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Weekly Market Commentary

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Another nail-biting week for the Eurozone as politicians dither, central bankers cower, and the public protests at the forces unleashed by the markets. Concern about governments' ability to re-pay their debt, and mounting budget deficits, spread from Greece to other countries and assets. The Bank for International Settlements estimates outstanding Greek sovereign debt at €189B, Portuguese at €240B and Spanish €851B. Ten-year Greek Treasury bonds hit an eye-watering 13.10%, 1,021 basis points over Bunds whose yield dropped to 2.905% (almost matching the record low of January 2009 at 2.856%), while benchmark Schatz set a new record low at 0.724%. Swiss ten-year Conf also dipped to a record low yield of 1.784%, joined by JGB's at 1.284% because these are seen as 'quality' issuers amid a mountain of increasingly dubious sovereign paper. Portuguese ten-year traded at a record 334 basis points over Bund and Spain at 127 matched the extreme of Q1 2009. Front June money market futures sold off as we ponder which banks in which countries hold the biggest amount of dodgy government bonds, while Dec10 ones remain well bid as the Fed repeated its intention of keeping rates low for an 'extended period'. Stock markets sold off hard Tuesday and Wednesday, many hitting their 50 or 200-day moving averages, but most then regained their composure; hardest hit Portugal and Shanghai both -4% on the week. The US dollar was mixed, losing against the Singapore dollar to 1.3640 (strongest since August 2008), while gaining to $1.3114 per Euro. Likewise Commodities with Precious Metals and the Energy group well bid while Meats sold off from extreme highs.

People, companies and countries are still divided into the 'haves' and 'have nots', regardless of current economic recovery or otherwise. Because of inflationary fears Brazil raised its key Selic rate to 9.50%, admittedly from a record low 8.75%, strengthening the real to 1.7220 per US dollar (almost this year's best level). China placed a moratorium on property companies raising capital, another measure aimed at cooling property speculation and prices, even though acknowledging this will increase the uncertainty faced by banks. Meanwhile Russia's Central Bank trimmed it key lending rate by 25 basis points to a record low 8.00% because 'the economic recovery process remains unsteady'. PM Vladimir Putin, investigating global warming in the Arctic, has another Action Man-style photo-op tagging an anaesthetised polar bear.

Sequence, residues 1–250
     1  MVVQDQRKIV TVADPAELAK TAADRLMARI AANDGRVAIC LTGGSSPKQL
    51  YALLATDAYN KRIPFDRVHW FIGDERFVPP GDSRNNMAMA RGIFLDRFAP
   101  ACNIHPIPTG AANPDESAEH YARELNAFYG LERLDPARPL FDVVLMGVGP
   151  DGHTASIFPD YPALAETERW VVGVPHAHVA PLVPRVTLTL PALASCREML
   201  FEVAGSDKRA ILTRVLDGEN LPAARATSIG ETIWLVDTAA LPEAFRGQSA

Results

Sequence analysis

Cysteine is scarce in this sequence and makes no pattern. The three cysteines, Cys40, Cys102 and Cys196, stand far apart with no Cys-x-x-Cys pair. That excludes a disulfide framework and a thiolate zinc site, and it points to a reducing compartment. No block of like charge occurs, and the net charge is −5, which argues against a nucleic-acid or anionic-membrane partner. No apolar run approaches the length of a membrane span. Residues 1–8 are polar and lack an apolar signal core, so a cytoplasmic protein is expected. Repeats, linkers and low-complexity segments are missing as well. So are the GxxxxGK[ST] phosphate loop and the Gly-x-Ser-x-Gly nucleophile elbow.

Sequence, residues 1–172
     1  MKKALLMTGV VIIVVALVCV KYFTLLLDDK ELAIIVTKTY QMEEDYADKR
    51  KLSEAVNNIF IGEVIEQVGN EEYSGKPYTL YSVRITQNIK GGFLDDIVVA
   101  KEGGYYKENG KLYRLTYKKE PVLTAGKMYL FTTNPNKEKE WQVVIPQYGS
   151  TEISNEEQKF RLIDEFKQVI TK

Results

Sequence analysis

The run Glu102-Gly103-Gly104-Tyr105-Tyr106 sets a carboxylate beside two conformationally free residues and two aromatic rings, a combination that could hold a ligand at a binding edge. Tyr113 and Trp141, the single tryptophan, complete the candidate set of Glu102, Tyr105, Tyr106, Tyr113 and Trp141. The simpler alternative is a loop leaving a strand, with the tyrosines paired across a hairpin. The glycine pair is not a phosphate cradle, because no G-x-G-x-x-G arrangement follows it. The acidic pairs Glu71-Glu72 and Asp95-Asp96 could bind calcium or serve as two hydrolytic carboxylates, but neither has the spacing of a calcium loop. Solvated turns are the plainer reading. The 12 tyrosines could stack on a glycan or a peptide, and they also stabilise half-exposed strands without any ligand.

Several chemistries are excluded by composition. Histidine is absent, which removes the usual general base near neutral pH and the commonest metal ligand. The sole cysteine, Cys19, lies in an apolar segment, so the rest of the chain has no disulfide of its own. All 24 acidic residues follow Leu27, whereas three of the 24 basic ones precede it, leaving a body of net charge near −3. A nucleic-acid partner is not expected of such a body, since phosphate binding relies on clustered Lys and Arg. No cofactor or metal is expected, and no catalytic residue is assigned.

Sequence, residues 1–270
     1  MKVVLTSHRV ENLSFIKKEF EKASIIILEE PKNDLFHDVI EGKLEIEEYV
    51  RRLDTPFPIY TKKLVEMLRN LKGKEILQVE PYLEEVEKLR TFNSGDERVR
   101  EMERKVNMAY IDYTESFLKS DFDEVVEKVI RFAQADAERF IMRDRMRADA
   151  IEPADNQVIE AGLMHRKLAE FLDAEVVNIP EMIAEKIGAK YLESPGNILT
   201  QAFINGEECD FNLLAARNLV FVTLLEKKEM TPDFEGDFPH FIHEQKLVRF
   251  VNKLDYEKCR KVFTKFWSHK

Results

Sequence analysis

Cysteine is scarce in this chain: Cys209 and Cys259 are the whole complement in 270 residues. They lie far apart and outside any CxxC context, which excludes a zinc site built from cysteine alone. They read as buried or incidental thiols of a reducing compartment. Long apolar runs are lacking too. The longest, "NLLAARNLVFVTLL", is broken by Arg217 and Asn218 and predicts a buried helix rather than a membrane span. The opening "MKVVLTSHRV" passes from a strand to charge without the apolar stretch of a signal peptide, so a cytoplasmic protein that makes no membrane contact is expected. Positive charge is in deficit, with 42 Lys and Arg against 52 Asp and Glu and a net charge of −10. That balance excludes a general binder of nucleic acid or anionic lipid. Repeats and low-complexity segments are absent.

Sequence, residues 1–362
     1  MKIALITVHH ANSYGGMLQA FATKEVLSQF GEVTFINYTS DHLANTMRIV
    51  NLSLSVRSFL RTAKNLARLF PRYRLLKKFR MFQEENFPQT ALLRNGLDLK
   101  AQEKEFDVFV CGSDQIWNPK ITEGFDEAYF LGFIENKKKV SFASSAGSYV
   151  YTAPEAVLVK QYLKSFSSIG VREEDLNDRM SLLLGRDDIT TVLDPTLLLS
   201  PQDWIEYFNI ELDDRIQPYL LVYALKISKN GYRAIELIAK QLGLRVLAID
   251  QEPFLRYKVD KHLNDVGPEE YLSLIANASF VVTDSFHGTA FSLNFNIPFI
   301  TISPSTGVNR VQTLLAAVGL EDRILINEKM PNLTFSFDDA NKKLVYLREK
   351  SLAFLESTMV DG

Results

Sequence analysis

Underlying Themes UK Prime Ministerial hopefuls on the campaign trail studiously avoid discussing spending cuts while suggesting efficiency measures alone will close the massive budget deficit. US Senators grilling bankers who accepted proffered TARP funds try to score cheap points ahead of mid-term elections by sounding 'tough' (though not especially knowledgeable). The US Securities and Exchange Commission appoints a new compliance officer after a report found many of its employees had been watching vast amounts of pornography during office hours, even as the financial crisis was unfolding. London School of Economics supremo Howard Davies, after suggesting in February that central bankers could have done little to prevent the meltdown, this week changed his tune saying perhaps they should employ fewer academics and more people with market knowledge. Remember: these are the people who will lead us out of the black hole, and are also the ones who let it happen. Oh dear me.

Saturday 1st May Labour Day, when Eurozone finance ministers will belatedly discuss Greek aid, with holidays for many Monday, Japan Greenery Day Tuesday and Children's Day Wednesday 5th when Mauritius holds parliamentary elections followed by the UK's on Thursday. Monday US March Personal Income and Spending, Core PCE, Construction Spending, April Manufacturing ISM and Vehicle Sales late in the day. Tuesday the Reserve Bank of Australia decides on rates (some expect +25 bp to 4.50%), UK April Manufacturing PMI, March Consumer Credit, Mortgage Approvals, EZ16 PPI, US Factory Orders and Pending Home Sales. Wednesday UK April Consumer Confidence and Construction PMI, US ADP Employment and Challenger Job Cuts, Non-Manufacturing ISM and Eurozone March Retail Sales, while the Norges Bank decides on rates (probably unchanged at 1.75%) as does Iceland's Central Bank (currently 9.00%). Thursday the ECB meets and should keep rates at 1.00%, same for the Bank of England, German March Factory Orders, UK April Official Reserves, Services PMI and US Q1 Unit Labour Costs. Friday German March Industrial Production, UK April PPI, US Non-Farm Payrolls and Unemployment. Sunday state elections in North Rhine-Westphalia.

Do not hope a magic wand will sprinkle fairy dust making gaping holes disappear. Budget deficits will take a long time shrinking and will be beset by campaigns against and threats of what might happen if spending is cut on A, B, or C. The Greek tragedy will rumble on for months and the longer it does so the more it will affect the financial system; likewise legislation to clean it all up. Equity indices look a little top-heavy and top quality bonds should remain well bid as rate rises are pushed back time and time again.


The information contained in this paper is based on or derived from information generally available to the public from sources believed to be reliable. No representation or warranty is made or implied that it is accurate or complete. Any opinions expressed in this paper are subject to change without notice. This paper has been prepared solely for information purposes and if so decided, for private circulation and does not constitute any solicitation to buy or sell any instrument, or to engage in any trading strategy.


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